But you say yes on two conditions:

1. We turn this screwball comedy into a parable of the slide of consumer capitalism into basic privacy violations, which the public will come to tolerate as a kind of devil’s handjob in return for the promise of free content, little realising that content itself will soon be devalued and we will acclimatise and come to require less and less reimbursement for the exact same privacy violations.

2. I get to speak with a lisp.

Ben Stiller directed the film, and has a cameo as a guy who murdered his identical twin (also played by Ben Stiller). Matthew Broderick plays the straight man so well you could almost forget he is in it, even though he is technically the main character. It’s like watching the word ‘normcore’ assume human form – he doesn’t quite seem like a real person, more like a set of pillows and clothes arranged in a bed to trick your parents when you run away from home. The supporting cast includes a recycled extra from Waterworld called Jack Black and the smuggest film debut ever from an actor calling himself Owen Wilson, who is later quasi-sexually abused with a hand dryer.

Despite the cast, the film scores exactly 6.0/10 on IMDB, making it one of the few films in the history of cinema that is, by popular vote, neither good enough nor bad enough to be worth watching. On its release, the New York Times said The Cable Guy ‘offers the shocking sight of a volatile comic talent in free fall.’ It went further, to say that ‘there’s no fun in watching Carrey covering his face with chicken skin.’ However, Newsweek hit the nail on the head, if only accidentally, when it called Carrey’s character ‘a demonic and omnipotent Dennis the Menace.’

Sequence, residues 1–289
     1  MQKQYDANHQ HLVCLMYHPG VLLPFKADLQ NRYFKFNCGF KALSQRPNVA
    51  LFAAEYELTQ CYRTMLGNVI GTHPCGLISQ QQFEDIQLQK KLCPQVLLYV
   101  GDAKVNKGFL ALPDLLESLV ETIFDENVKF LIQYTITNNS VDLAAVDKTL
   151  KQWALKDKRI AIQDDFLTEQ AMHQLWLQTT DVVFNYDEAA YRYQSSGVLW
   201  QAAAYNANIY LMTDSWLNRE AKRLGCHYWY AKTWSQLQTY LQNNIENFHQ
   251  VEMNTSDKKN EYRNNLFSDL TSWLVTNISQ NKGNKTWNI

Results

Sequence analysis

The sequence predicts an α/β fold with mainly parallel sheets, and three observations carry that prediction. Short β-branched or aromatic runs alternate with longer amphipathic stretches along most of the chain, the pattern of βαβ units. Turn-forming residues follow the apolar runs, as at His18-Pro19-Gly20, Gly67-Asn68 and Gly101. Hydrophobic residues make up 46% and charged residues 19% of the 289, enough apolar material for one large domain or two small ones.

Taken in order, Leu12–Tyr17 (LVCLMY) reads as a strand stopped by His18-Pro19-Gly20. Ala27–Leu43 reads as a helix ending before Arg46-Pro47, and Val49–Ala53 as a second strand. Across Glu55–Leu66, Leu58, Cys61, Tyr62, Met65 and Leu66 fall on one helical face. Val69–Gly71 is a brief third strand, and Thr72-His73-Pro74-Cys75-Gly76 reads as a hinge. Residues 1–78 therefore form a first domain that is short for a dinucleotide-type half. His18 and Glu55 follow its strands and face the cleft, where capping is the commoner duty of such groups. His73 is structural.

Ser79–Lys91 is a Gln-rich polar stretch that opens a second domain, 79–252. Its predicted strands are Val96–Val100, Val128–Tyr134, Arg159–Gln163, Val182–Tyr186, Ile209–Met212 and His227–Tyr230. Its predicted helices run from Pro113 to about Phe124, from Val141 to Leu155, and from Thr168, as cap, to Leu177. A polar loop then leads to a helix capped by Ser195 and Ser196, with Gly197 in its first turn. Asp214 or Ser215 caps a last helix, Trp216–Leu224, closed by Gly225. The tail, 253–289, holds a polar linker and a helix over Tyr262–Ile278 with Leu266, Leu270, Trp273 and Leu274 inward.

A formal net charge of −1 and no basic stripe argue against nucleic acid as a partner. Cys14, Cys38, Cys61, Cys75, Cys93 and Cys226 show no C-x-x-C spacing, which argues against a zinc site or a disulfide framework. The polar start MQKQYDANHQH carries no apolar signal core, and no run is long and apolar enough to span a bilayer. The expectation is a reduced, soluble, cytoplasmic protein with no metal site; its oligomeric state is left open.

Because we have a word for what Carrey’s character is now. He either wants to be your best friend or your worst enemy. He hides behind pseudonyms. He quotes people without attribution, he thinks women are something you buy and, crucially, he is obsessed with what people in the 90s quaintly called ‘the information superhighway’. The cable guy is the world’s first troll.

Here’s what Carrey says when he’s standing on a giant satellite dish for those who prefer their visual metaphors to hurt: ‘Soon every American home will integrate their television, phone and computer. You’ll be able to visit the Louvre on one channel, or watch female mud wrestling on another. You can do your shopping at home, or play Mortal Kombat with a friend from Vietnam. There’s no end to the possibilities!’ Here is a man clinging to a utopian ideal of keeping multiple tabs open so that he can convince himself he’s not really watching porn because he’s also, simultaneously, looking up museum opening times. It’s that sort of insight that makes this film a pre-Matrix Oracle. He even points out that ‘free cable is the ultimate aphrodisiac,’ or as we would put it nowadays, Netflix and chill.

But let’s say it all gets a bit much and you want out. Well, that’s not really how this whole thing works. The cable guy insinuates himself with your girlfriend and your family home; he makes secret recordings of you; he hacks your office network and gets you fired; he makes every car alarm in the car park go off; he holds compromising pictures of you in flagrante delicto; he has you arrested for receiving stolen goods that he put in your flat. And you know what? He doesn’t even work for the cable company.

What did you do to deserve this? You’re just Matthew Broderick the pillow boy. But you let the free content cross your threshold, and now a troll is fucking all your shit up.

This is the gift they have given us, a swansong from the last days of privacy, Judd Apatow, Ben Stiller, Jim Carrey and Matthew Broderick, some of the finest political commentators of their generation. Their message is this: any technology is only as trustworthy as the creepiest person who knows how to use it. As the troll himself points out, ‘The trouble with real life is, there’s no danger music.’

This piece was originally read at The Wrong Quarterly‘s event, ‘Remarks on Unremarkable Films of the 90s’, alongside Will Eaves, Heidi O’Loughlan, Nell Frizzell, May-Lan Tan and Ned Beauman.